The dead civilians in Yemen have been buried in silence it seems; in Syria the police tear gassed the mourners for the dead of Friday’s clashes and Bahrain has disappeared from the news since the Saudis have started helping the King, also a generous host to the US 5th Fleet. The biggest news of the day was that Hamas has sent over fifty rockets into Israel: more destrcutive force than at any other moment in the last two years.
And meanwhile the killing and raping continues in Eastern Congo, while Mr. Gangbo has not let up in his war with the legitimately and democratically elected president of Ivory Coast. Undoubtedly the secret intelligence agencies of the “Golden Self-Indulgent Western Democracies” know of many more atrocities…
And yet, France, the UK and the USA have pushed to punish Libya, or better, to punish Kaddafi and liberate Libya. While I usually try not to second guess the motives of united world leaders when they attack (alone, or under cover of an “alliance”) tyrants, it is difficult to escape that kind of thinking this time around.
Why Kaddafi? What makes saving Libyans nobler than saving Yemenis or Ivoirians? What exactly makes Kaddafi worse than other tyrants? Did he not raise the standard of living for most citizens over the years? Who are the “Representatives of the Libyan People” that will take over once Kaddafi’s regime has been eliminated (whatever that may mean in terms of numbers or time frame)? Is the oil under the ground the real reason? Or is the reconstruction which will (as it did in Iraq) be a prerogative of companies linked to the victorious forces?
Given that our noblest of leaders would, obviously, never prefer to save the life of a Libyan over the life of another African, it is nigh impossible to overlook the last two reasons: oil and business. And accessibility of course (after all, Libya belongs to the area of the “Mare Nostrum”, as the Mediterranean has been known to former world powers), and can easily be pummeled from international waters. Let us not forget neither that the West is still in the throngs of an economic crisis, and war has often proved an effective weapon to combat problems at home, economically as well as mediatically.
Beyond these obvious questions, I need to strain myself to try and imagine other plausible, albeit speculative explanations for this rush into another war. I then arrive at thoughts that elucidate the utterly failing leadership in the “Golden Self-Indulgent Western Democracies”. For indeed, other kinds of motives ought to be related to “deep ego” or to “the dream of state building”.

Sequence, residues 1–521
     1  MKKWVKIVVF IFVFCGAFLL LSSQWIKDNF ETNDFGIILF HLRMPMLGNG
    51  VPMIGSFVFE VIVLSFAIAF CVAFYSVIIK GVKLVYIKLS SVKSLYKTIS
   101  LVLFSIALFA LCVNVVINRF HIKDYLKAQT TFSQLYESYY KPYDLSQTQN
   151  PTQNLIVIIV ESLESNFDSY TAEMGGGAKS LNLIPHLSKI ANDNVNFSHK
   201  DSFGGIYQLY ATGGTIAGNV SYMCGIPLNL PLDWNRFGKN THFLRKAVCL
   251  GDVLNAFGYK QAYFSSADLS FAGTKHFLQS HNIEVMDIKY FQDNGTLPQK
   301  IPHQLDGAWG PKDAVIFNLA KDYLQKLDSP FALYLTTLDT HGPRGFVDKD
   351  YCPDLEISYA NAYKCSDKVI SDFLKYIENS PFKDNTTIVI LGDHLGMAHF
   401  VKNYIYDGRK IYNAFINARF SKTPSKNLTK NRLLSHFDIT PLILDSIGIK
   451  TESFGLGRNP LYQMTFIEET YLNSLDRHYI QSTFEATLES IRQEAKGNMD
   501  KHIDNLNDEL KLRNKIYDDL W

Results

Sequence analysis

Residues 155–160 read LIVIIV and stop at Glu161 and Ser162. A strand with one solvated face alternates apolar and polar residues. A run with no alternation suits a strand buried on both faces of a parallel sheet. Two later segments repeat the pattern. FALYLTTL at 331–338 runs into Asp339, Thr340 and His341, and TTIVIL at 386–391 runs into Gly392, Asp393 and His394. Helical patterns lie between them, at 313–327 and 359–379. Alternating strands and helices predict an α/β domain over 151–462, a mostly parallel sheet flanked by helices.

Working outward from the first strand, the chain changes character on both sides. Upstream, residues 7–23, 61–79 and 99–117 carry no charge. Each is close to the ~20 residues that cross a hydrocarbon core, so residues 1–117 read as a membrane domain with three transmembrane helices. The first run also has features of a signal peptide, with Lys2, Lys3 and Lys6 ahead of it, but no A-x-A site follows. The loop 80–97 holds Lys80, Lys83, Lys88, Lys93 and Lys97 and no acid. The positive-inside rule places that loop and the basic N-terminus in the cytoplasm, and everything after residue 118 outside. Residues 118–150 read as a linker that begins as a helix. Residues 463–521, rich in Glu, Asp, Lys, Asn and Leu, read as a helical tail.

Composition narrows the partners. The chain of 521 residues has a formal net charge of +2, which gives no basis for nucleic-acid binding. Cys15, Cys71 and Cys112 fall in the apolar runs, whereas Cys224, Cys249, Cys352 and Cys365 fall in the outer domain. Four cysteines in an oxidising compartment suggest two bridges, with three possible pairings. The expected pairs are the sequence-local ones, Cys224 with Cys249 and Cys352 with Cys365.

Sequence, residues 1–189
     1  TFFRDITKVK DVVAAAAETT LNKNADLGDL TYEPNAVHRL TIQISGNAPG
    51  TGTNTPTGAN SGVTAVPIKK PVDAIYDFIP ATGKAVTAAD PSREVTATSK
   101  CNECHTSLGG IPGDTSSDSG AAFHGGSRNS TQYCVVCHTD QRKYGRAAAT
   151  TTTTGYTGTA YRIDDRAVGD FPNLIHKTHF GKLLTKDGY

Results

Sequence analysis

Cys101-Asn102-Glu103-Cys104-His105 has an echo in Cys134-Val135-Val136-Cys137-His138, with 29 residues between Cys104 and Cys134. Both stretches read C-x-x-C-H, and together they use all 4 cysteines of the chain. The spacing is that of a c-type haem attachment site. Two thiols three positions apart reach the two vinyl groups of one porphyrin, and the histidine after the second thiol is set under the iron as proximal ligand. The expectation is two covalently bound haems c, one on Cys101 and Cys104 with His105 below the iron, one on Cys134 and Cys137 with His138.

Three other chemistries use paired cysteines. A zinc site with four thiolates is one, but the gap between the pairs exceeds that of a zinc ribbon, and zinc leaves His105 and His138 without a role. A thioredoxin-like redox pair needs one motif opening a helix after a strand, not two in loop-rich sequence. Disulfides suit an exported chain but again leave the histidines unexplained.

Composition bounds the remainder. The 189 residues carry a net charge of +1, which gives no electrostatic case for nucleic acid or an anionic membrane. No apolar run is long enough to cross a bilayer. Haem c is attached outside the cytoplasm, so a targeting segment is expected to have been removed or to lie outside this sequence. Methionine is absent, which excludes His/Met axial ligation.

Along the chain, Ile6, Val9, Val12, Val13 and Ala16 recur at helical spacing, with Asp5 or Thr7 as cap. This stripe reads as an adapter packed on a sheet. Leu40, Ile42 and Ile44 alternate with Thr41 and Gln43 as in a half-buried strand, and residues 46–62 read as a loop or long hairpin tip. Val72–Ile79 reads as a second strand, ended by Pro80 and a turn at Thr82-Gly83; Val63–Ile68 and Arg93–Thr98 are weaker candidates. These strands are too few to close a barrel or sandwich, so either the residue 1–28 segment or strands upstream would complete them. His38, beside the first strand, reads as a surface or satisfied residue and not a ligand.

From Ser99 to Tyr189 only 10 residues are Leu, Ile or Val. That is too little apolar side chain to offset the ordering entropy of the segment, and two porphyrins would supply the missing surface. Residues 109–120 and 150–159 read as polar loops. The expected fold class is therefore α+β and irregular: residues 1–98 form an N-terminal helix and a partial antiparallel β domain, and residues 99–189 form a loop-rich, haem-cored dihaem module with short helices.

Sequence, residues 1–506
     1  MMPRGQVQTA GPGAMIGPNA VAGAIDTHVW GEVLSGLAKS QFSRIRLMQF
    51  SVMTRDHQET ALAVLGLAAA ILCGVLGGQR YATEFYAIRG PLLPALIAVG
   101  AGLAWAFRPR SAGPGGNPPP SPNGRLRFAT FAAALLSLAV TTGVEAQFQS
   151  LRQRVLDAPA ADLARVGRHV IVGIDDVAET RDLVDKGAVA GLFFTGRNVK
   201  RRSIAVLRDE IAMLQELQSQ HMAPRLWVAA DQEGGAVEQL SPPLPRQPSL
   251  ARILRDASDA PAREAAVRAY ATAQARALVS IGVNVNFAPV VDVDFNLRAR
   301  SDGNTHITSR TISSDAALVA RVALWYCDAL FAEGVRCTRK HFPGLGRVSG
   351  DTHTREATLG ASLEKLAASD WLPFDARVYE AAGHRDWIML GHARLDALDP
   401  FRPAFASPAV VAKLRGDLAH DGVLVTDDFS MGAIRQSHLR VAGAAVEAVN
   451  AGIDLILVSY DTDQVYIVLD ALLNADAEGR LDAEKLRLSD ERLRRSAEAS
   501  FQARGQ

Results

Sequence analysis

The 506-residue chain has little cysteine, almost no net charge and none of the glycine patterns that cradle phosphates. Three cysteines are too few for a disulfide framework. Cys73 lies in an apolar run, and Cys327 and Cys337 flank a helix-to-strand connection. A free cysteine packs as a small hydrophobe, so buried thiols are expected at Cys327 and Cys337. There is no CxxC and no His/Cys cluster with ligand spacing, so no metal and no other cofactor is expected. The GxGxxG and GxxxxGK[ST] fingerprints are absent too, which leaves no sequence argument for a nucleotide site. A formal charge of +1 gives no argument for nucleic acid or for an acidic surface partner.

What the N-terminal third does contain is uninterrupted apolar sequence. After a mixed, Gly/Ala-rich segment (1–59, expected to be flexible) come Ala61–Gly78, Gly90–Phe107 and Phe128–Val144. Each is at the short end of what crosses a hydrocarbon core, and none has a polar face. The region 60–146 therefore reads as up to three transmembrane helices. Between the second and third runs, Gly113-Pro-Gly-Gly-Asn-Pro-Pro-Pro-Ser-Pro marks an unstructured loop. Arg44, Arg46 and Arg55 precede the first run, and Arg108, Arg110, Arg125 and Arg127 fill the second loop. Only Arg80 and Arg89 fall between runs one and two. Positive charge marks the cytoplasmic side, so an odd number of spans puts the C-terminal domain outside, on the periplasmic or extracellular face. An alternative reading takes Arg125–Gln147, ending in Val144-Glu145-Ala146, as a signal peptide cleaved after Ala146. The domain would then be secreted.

The early twenty-first century saw examples of the latter: Iraq and Afghanistan shine brightly as absolute failures in their class. Imposing democracy has not worked (notwithstanding elections and parliaments), because it plainly obstructs the sitting powers and because the people are not ready for it and do not believe that it is the best form of government. (Given the way it now works in the West, where money or established power structures determine the landscape, it is not in the best interest of the western people neither!)
All in all, we should not dismiss the “ego” factor out of hand though. Who cannot remember the gallant reception that Mr. Sarkozy offered to Kaddafi when he visited the Elysée Palace a while ago? All smiles and handshakes. Neither of these leaders, as is the case with most of leader types, are lacking in excessive hubris and power-drenched self-indulgency. Perhaps their emotion has outrun their reason? Perhaps they wanted to teach “the one that laughed at them in their face” a lesson? Perhaps they expected that he would “behave” after having had the honour of shaking hands with them? Who knows, but I believe that revenge for “perceived personal offenses” may play a role in all this haste.
Fifty years ago it would have sounded far-fetched to think of three leaders simultaneously succumbing to emo-egotizing or ego-emoting. In the early 21st century that should not surprise anyone any longer: facebook and twitter are the biotope wherein western politicians, their advisors and their spin-doctors sharpen their decision making skills and are the pool wherein they test their policies, encouraged in the endeavour by their news-making media friends.
The attack on Libya, undoubtedly a country that deserves to be liberated from a cold-calculating tyrant, shows once more that Western Democracy does no longer produce leaders that are fit for reasoned and balanced polity on the world stage, and worthy of the people that they are supposed to lead.
Grimburger, 20th March 2011